3 Episodic Formulaic Comics that are Totally Worth Your Time

#1. Baltimore 

Baltimore is by Mike Mignola, author of Hellboy. The story structure is formulaic, but I’ve come to realize that I love formula. Baltimore is an Englishman who fought in World War I. Let me start over, the world was much like ours until World War I, where all the blood shed on such a massive scale awoke ancient Lovecraftian monsters (primarily vampires), and spread a plague of vampires across the world. Under such an onslaught, the world pretty much collapsed into a pseudo Dark Age.

Baltimore fought in World War I for the English where he lost a leg, but when he returned home a vampire had murdered his family. Swearing revenge, our one-legged hero begins a journey across Europe, hunting the vampire that killed his family. He also uses a harpoon.

It’s Ahab from Moby Dick, only they swapped in a vampire for the whale. I’m. On. Board.

Every episode of the story is Baltimore walking into a town where something shady is going on, then Baltimore usually kills the things involved. Part of what makes the story so great is that the Plague can manifest in such wacky and weird ways, each encounter is usually really interesting. Like there was one time when zombie divers in antiquated diving suits emerged from the ocean infected with an evil fungus.

It’s implied that Baltimore, by the time of the story, is a supernatural being himself, though he never exhibits super powers beyond superhuman toughness and a strangely mobile wooden leg.

#2. One Punch Man

Another formulaic story, not unlike Baltimore in some ways. It’s written by a man under the name of ONE, originally published as a web comic it eventually was republished as a manga, redrawn by a professional artist Yusuke Murata. Murata is a fantastic artist and ONE crafts an engrossing tale despite the superficial nature of the story.

The premise of the story is that the world is beset by monsters, and they have something called the Hero Organization that protects the world. Heroes generally have varied abilities, not unlike comic book characters like the Avengers. Each official Hero is given a ranking, S-class being the highest.

Into this world comes Saitama, the titular One Punch Man. Saitama, in a world of alien beings, cyborg warriors, and pyschic supermen, is so powerful that he defeats all of his opponents with one punch. He’s so mind bogglingly powerful, and also so physically unimposing, that people don’t believe he’s actually a Hero at all. The conflict that drives him is the ennui that comes with becoming omnipotent.

Like Baltimore, the fun of the series is mostly about One Punch Man going to a place to deal with a new monster. What’s great about One Punch Man is watching characters gradually realize, with horror, that everything they knew about the world was wrong, and that Saitama cannot be defeated.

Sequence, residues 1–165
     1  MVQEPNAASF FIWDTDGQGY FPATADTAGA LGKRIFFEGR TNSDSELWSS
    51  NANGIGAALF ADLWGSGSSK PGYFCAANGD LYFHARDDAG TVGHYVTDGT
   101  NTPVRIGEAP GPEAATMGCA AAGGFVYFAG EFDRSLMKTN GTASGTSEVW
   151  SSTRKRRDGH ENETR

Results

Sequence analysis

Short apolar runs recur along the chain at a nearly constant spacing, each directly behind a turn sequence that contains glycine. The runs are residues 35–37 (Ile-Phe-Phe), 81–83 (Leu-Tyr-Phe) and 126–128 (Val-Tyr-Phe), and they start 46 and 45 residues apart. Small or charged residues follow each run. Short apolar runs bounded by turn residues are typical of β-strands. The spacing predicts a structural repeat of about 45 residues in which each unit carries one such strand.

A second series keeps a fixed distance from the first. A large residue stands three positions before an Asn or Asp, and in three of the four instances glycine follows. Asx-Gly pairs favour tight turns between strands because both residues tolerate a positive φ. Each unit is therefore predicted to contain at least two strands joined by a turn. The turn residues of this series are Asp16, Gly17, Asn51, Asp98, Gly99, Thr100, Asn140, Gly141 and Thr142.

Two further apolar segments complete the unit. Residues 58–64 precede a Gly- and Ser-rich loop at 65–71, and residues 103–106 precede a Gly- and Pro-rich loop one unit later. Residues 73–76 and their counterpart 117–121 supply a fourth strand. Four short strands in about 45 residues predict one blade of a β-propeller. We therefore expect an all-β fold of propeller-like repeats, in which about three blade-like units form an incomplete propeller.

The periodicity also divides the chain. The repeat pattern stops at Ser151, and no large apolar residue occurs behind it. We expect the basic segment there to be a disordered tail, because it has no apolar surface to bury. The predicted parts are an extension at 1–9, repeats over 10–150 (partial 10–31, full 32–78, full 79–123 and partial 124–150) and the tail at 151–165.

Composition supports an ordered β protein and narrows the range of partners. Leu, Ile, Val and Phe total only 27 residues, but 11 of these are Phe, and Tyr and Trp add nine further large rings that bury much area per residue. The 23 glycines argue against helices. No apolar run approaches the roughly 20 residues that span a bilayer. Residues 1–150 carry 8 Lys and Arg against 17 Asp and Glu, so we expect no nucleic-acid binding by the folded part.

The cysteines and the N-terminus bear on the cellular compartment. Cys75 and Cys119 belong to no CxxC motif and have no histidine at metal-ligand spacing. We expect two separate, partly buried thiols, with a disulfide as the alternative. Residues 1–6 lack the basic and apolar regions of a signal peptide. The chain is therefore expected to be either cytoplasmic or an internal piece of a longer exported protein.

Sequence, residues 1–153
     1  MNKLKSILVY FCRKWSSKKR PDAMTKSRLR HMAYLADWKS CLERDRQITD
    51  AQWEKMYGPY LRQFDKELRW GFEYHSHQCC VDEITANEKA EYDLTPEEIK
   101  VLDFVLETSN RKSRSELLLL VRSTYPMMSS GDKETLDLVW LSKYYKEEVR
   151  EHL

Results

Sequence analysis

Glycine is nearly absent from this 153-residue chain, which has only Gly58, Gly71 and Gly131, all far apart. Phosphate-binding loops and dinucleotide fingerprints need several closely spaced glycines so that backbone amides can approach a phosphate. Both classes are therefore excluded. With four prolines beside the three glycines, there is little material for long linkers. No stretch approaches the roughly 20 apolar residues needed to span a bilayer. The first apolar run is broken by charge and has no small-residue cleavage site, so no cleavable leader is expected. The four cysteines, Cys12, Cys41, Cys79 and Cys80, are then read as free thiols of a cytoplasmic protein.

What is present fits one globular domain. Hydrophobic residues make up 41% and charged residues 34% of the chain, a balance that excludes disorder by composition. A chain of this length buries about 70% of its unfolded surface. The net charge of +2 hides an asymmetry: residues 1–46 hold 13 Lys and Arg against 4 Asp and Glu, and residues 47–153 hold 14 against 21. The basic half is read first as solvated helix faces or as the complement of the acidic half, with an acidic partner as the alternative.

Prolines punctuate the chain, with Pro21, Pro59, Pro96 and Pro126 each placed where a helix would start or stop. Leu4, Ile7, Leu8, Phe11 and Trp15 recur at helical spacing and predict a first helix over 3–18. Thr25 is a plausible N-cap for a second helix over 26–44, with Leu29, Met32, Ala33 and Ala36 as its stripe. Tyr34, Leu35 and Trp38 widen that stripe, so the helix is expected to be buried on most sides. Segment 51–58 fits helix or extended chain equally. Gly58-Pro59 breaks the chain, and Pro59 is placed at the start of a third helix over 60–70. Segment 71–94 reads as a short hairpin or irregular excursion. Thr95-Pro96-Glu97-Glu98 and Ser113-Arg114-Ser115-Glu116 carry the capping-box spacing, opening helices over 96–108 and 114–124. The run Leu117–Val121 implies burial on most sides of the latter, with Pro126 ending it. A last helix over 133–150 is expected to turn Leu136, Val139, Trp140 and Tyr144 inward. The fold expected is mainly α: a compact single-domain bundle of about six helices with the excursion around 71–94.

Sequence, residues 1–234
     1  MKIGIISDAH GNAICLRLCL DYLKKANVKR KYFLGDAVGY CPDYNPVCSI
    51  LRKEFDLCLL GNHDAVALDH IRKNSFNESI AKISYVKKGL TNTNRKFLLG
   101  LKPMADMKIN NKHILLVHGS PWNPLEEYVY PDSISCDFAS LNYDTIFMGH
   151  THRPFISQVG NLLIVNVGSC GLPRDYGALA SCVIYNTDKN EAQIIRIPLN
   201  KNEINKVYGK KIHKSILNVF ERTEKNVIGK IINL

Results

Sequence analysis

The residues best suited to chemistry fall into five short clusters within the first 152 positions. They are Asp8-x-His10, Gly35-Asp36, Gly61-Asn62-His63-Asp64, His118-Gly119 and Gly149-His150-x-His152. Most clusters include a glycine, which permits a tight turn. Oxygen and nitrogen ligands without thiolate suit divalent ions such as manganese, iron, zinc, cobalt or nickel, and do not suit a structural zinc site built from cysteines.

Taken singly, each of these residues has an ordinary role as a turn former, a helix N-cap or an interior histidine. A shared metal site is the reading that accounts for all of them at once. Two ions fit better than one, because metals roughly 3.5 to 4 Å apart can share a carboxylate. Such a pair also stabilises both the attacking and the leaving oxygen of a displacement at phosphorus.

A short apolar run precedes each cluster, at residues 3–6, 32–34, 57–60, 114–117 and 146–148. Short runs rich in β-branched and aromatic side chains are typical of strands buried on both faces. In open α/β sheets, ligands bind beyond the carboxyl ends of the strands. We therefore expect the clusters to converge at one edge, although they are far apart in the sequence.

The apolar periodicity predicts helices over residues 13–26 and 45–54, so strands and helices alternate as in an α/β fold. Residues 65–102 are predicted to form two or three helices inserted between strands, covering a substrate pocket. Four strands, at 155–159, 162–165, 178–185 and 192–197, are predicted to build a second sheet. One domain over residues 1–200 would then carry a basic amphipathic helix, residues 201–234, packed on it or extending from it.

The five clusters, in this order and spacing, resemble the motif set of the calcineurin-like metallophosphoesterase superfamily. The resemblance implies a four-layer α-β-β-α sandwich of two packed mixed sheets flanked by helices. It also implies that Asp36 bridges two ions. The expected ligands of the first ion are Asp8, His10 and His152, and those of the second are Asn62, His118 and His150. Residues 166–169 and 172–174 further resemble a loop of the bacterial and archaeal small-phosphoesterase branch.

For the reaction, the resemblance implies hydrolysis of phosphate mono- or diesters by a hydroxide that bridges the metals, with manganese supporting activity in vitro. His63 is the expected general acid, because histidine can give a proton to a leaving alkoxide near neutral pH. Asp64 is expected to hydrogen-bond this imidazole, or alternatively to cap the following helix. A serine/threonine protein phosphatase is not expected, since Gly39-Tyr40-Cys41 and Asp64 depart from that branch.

In a weird way One Punch Man has some of the charm of Columbo. Columbo is an unstoppable force, but also so unimposing and self-effacing, that it’s endlessly entertaining watching people manipulate him, only to realize by the end that they never stood a chance.

Oh and what’s the source of Saitama’s infinite power? He did a 100 pushups, situps, and squats every day for a three years.

#3. Silver Surfer

The current Silver Surfer is written by a comic book writer named Dan Slott. It’s the last comic I read other than the two above and I liked it.

The Silver Surfer is a superhero that was a guy named Norrin, who came from another planet. When his planet was threatened by an alien menace, Norrin sacrificed himself to become a servant of that menace in exchange for his world. He was given a magic surfboard and “The Power Cosmic” and sent off into space to search for worlds to be destroyed.

Dan Slott’s Silver Surfer is the best possible Surfer comics I’ve read. Also its damn good Doctor Who. The Surfer, through circumstances, ends up pairing up with an Earthling named Dawn. Dawn is a bit of a homebody, so it’s pretty amazing when she gets swept up into adventures with the Surfer and they end up traveling through space together.

By now I’m realizing that I don’t need long soap opera drama anymore. The Surfer and Dawn go to a planet and have adventures, and after a few issues have moved on to something else weird and new. I love the art (I like the artist Michael Allred), it’s lighthearted enough to bring back something sorely missing from Batman comics: fun. The Surfer loves to go around the universe checking stuff out and Dawn loves to travel with him. Like I mentioned before, it’s sort of the Doctor Who dynamic only the Surfer functions with less arrogance in some ways than the Doctor, but is personally way more powerful than the Doctor.

I highly recommend all three of these comics if you can find them.


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